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Diagnostic Imaging & Radiology Residency

Objectives | Faculty and Staff | Prerequisites and Applications | Employment and Benefits | Orientation | Advisors and Mentoring | Clinical Service Responsibilities | Teaching Responsibilities | Educational Opportunities | Graduate Program | Research and Scholarly Activity | Evaluations | Specialty College Requirements | Board Certification |


  • The radiology residency program is designed to provide postdoctoral clinical training that will fulfill the requirements of the American College of Veterinary Radiology (ACVR) and result in eligibility to apply for the preliminary and certifying examinations of the ACVR.
  • The resident will receive training in all of the subspecialty areas of veterinary radiology including routine and special procedures in small and large animal diagnostic radiology, diagnostic ultrasound, nuclear medicine, computed tomography, and magnetic resonance imaging. Training prepares the graduates of the program to perform in either an academic or specialty practice environment.
  • This is a combined residency/graduate program. The resident will pursue graduate study for a Master of Sciences degree. The residency program will provide the opportunity for training in research design and experimental techniques

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Faculty and Staff



  • Danelle Auld – ultrasound
  • Denise Bailey – radiology/CT
  • Sarah Leach
  • Julie Morris – radiology/CT
  • Jennifer Henery
  • Kelly Winn – radiology/NM

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Prerequisites and Applications

  • All potential residents must meet the minimum requirements and qualifications (see Residency Program HandbookCVM Graduate Program Handbook and Graduate School Handbook.
  • Applicants must be either U.S. citizens or permanent residents of the U.S. the Ohio State University cannot sponsor or process F, J, or H-1B visa applications for resident positions. We also cannot accept TN visas. Successful applicants must be available to report to The Ohio State University Department of Veterinary Clinical Sciences no later than the scheduled beginning of the program.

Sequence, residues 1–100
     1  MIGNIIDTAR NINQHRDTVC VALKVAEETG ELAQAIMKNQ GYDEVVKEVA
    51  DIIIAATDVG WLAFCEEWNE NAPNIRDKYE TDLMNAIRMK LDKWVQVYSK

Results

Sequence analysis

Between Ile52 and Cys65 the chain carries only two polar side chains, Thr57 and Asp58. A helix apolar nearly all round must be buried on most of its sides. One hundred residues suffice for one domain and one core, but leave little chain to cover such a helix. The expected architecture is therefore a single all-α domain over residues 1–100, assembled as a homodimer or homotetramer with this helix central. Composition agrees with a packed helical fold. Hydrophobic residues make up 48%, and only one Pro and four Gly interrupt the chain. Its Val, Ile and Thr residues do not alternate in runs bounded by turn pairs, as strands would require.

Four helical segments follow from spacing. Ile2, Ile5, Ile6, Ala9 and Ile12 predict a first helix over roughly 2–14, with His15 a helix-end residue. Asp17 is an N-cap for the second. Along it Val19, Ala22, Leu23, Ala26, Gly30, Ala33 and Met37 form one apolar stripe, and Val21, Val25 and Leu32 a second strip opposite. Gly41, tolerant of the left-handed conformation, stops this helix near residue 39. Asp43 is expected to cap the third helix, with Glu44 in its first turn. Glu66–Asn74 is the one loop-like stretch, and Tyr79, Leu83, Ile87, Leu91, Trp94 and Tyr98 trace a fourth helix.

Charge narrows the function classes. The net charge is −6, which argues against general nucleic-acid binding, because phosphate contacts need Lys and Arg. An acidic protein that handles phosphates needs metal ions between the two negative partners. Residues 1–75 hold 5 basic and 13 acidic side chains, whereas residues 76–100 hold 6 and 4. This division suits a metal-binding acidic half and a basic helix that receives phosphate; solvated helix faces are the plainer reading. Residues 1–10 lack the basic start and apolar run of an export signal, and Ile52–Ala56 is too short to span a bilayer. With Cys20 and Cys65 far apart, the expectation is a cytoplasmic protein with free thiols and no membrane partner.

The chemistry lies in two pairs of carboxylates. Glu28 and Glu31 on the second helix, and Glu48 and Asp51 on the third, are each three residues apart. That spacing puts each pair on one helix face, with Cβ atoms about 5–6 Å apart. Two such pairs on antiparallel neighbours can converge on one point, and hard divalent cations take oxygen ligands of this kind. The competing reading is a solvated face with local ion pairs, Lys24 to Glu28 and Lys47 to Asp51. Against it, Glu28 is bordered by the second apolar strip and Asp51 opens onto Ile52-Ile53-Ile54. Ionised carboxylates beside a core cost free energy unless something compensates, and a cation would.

• Applicants must be graduates of an AVMA-recognized College or School of Veterinary Medicine and have completed a one-year rotating internship or acceptable equivalent clinical experience.
  • All requirements must be met to hold and maintain a limited license to practice Veterinary medicine in the State of Ohio – click here for information on licensure requirements.
  • Currently admission requirements include:
    • a minimum 3.0 GPA for all undergraduate coursework 
    • a minimum 3.0 GPA for professional (veterinary degree) studies;
    • a minimum 3.3 GPA for all graduate coursework;

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Employment and Benefits (see Residency Program Handbook)

  • Salary
  • Health insurance
  • Travel allowance
  • Personal + Professional days leave (from policy)
  • External consultation and employment
  • Licensure

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During the first few days at the commencement of the residency program, all incoming residents participate in a comprehensive orientation program (see Residency Program Handbook) to introduce them to the department, college and university, complete necessary documentation, and to facilitate integration into our program and activities.

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Advisors and Mentoring

Clinical advisor

Each resident is assigned a clinical advisor at the beginning of the program. The advisor can be changed according to the individual needs and interests of the resident.

Academic advisor

One of the Radiologists will mentor the resident.

Thesis committee (for residents electing to complete a thesis Masters):

Once the specific area of research is selected, an Advisory committee will be formed to provide advice in the development of a specific research project, during the project and to completion of the study. Typically, the Advisory committee serves as the Examination committee for the thesis defense. These committees must consist of at least 3 graduate faculty members.


Case management is carried out with the guidance and collaboration of experienced faculty who are recognized experts in their respective fields.

  • According to ACVR guidelines (ACVR Essentials of Accredited Residency Training Programs):
    • The education in diagnostic radiology should occur in an environment which encourages the interchange of knowledge and experience among residents and staff in the program, as well as with residents in other major clinical specialties located in those institutions participating in the program.